Then, as now, miscalculation and misunderstanding -- and a large degree of hubris -- helped create the crisis. For all of their superficial pleasantries and private conversations, Gingrich and Clinton did not really understood each other, and they remained supremely confident in their ability to dominate the other. Gingrich accepted the popular view circulating among Republicans that the president lacked backbone. Privately, he dismissed him as "a frat boy who reads books." Fresh off winning a major victory in the 1994 midterm elections, he believed he could force a chastened president to accept a balanced budget in seven years. His whole strategy was based on the unquestioned belief that Clinton lacked the backbone for a budget battle and that the public supported his conservative agenda -- even if it meant painful sacrifice.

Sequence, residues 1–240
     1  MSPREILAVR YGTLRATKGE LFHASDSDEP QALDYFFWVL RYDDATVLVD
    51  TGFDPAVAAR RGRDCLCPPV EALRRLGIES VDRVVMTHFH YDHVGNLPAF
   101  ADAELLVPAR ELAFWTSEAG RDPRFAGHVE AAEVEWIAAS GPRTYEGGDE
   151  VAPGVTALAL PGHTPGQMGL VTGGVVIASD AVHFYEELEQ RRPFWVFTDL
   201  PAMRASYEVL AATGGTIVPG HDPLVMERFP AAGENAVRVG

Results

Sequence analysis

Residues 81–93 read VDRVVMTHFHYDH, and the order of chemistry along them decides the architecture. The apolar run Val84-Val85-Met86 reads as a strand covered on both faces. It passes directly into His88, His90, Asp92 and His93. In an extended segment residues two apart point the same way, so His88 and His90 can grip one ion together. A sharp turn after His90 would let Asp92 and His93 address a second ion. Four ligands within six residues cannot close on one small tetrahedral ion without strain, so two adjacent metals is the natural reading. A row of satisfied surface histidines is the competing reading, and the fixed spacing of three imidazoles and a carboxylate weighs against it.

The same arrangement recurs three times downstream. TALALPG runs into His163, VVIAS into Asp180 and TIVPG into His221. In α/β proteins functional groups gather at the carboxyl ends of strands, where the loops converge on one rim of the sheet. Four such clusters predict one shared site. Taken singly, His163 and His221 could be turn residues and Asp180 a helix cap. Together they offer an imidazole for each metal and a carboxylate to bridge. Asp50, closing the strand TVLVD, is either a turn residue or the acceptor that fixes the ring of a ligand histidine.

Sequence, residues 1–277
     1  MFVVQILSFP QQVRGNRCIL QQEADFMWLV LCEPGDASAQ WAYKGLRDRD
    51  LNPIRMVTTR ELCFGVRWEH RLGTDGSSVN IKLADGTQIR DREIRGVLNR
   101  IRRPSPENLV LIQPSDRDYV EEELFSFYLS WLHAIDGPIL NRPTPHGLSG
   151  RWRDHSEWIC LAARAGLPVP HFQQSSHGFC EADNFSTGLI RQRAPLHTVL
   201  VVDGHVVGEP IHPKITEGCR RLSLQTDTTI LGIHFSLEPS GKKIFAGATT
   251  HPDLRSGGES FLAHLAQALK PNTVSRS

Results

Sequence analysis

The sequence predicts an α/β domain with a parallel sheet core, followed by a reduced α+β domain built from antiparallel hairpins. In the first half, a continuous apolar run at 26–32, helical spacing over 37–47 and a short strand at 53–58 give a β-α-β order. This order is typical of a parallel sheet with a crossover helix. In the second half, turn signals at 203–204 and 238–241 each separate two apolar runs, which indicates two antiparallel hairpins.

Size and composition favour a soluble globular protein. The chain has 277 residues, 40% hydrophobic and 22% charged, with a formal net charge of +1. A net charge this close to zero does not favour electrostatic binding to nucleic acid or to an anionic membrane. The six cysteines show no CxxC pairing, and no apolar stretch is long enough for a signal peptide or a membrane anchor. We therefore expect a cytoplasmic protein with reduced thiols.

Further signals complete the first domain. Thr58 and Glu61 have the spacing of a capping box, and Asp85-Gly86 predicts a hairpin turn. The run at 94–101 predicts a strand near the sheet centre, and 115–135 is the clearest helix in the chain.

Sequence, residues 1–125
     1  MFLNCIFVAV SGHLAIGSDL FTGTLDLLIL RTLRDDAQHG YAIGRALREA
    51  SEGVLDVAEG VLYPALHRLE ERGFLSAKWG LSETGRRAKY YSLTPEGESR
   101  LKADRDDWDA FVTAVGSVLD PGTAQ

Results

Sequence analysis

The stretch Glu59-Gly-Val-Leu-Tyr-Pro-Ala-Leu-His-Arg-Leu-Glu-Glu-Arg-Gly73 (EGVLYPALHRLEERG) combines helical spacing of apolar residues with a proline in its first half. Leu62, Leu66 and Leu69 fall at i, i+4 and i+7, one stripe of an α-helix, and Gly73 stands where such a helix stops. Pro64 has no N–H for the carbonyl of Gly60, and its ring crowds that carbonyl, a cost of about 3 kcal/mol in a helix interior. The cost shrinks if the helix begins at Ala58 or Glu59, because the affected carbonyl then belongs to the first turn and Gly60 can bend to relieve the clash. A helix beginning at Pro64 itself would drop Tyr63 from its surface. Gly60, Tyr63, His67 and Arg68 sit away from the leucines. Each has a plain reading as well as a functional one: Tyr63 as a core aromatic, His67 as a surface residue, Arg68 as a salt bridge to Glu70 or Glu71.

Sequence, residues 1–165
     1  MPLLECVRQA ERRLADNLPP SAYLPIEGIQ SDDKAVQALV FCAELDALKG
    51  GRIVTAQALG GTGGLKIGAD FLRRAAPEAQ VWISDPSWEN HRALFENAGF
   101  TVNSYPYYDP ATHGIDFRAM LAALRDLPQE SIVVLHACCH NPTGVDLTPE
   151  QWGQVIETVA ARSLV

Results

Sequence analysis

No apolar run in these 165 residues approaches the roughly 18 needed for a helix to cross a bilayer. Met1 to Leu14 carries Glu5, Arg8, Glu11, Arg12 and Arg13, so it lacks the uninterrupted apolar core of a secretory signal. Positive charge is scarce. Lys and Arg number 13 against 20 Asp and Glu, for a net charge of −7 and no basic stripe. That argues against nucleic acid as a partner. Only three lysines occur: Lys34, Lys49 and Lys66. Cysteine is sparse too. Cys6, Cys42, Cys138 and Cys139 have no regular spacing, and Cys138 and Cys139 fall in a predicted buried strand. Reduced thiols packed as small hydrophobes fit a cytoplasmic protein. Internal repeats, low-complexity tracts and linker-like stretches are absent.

For his part, Clinton was confident that he could manipulate Gingrich's ambition and grandiosity and turn it to his advantage. He understood that Gingrich needed to be seen as a rebel, but that he also wanted to be taken seriously as a member of the Washington establishment. He sensed that, despite his tough public posture, Gingrich was in many ways very needy and eager to please.

Their mutual misunderstandings led to two government shutdowns. Clinton proved more resourceful and stubborn than Gingrich had expected. Anyone who had studied Clinton's career would have known that his affable exterior disguised a tough and resilient core. Against the advice of liberals in his own party, Clinton embraced the Republican goal of achieving a balanced budget, but he insisted that basic Democratic programs be protected. At the same time, while Clinton may have accurately diagnosed Gingrich's private psychology, he failed to appreciate the fervor and anger of the Republican caucus that was in no mood for making deals.